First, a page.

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ESRA19-0040 Intrapartum factors associated with instrumental delivery in women undergoing labour epidural analgesia
  1. PS Au Yong1,
  2. AKH Tan2,
  3. WH Tan2,
  4. Z Goh3,
  5. R Ganguly4 and
  6. BL Sng5
  1. 1Singapore General Hospital, Department of Anaesthesia and Intensive Care, Singapore, Singapore
  2. 2Tan Tock Seng Hospital, Department of Anaesthesia and Intensive Care, Singapore, Singapore
  3. 3Duke-NUS Medical School, Singapore, Singapore
  4. 4Duke-NUS Medical School, Centre of Quantitative Medicine, Singapore, Singapore
  5. 5KK Hospital, Department of Women’s Anaesthesia, Singapore, Singapore


Background and aims Lumbar epidural is the most effective labour analgesia but is associated with increased assisted vaginal delivery, which leads to maternal and fetal morbidities. Our primary objective is to evaluate intrapartum risk factors for ID compared to normal vaginal delivery (NVD) to mitigate these risks for better outcome.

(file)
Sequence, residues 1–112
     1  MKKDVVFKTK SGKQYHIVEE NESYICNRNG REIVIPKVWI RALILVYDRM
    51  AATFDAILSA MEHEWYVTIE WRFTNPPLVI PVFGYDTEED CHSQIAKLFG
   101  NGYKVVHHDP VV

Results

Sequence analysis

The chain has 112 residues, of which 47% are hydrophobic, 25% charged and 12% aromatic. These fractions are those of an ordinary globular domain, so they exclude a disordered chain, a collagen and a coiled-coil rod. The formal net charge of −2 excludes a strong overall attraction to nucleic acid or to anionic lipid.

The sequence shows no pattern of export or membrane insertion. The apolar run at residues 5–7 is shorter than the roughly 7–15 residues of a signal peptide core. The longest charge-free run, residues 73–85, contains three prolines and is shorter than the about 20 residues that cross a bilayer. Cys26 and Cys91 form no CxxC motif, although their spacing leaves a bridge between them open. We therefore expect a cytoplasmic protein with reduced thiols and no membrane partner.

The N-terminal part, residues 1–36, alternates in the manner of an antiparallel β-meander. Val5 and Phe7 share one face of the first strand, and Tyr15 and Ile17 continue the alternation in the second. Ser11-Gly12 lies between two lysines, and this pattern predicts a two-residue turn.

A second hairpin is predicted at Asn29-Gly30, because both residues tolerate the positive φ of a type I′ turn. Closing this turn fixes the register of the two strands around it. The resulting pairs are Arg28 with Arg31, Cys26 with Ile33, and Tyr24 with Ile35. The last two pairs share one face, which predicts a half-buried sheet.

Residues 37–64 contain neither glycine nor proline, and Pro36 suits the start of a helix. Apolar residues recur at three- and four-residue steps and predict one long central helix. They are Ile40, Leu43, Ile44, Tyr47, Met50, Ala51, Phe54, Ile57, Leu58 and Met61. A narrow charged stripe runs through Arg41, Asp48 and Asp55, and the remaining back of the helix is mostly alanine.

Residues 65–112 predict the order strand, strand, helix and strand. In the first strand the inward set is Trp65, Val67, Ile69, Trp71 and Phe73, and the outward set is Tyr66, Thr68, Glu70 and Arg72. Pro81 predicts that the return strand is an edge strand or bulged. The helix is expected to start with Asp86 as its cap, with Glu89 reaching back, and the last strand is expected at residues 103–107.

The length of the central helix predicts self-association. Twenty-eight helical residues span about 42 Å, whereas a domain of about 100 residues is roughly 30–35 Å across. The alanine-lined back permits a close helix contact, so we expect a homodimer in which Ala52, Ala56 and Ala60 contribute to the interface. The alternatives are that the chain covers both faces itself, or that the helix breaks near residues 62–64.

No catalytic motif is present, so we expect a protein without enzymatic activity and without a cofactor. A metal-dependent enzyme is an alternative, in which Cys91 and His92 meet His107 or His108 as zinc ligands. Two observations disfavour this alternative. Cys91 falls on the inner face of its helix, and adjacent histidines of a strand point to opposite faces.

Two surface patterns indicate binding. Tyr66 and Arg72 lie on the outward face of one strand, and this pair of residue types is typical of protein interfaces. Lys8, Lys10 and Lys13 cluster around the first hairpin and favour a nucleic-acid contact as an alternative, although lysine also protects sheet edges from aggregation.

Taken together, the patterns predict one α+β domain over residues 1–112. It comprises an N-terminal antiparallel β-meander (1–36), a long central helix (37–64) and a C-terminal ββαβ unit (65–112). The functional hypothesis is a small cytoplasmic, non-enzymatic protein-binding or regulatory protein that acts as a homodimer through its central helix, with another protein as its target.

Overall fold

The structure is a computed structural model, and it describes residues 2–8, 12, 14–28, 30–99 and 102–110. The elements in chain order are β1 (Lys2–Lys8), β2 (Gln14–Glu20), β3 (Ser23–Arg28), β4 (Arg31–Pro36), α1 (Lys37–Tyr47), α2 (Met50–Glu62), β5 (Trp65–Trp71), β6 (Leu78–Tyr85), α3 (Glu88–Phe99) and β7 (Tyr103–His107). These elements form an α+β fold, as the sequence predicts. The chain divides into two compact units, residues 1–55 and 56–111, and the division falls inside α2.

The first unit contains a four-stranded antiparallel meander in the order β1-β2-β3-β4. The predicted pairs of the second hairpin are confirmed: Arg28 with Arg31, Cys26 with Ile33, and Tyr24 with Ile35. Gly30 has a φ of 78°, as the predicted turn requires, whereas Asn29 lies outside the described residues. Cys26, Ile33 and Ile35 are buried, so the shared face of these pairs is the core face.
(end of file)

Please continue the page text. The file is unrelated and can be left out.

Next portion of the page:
Methods This study was approved by Singhealth Centralised Institutional Review Board. Data was obtained retrospectively from department database of obstetric epidural records at a single specialist centre - KK Women’s and Children’s Hospital between January 2012 to December 2015. Maternal data collected are sociodemographics, parity, antenatal problems, cervix dilation, labour induction and augmentation. Epidural data included technical performance, pain score, sensory and motor blockade, breakthrough pain. Fetal data included birth weight, APGAR score. Univariate analysis was performed with p<0.1 selected for multivariate logistic regression. Independent association factors were identified with p<0.05.

Results 17227 patients having labour epidural delivered vaginally from January 2012 to December 2015. NVD comprised 88% (n=15158) and ID comprised 12% (n=2069). Independent risk factors were identified: shorter maternal height, nulliparity and increased maternal age, prostin induction, no pre-epidural analgesia, longer second stage, higher fetal birth weight and having private specialist care. Epidural-related factors are breakthrough pain, high bromage score and having epidural infusion stopped at delivery.

Conclusions We can use these to identify high-risk parturients. High motor block can be avoided by using low concentrations of local anaesthetic. a PCEA regime allows greater control over breakthrough pain and reduce delays in top-ups. If possible, epidural infusion should not be switched off at delivery.

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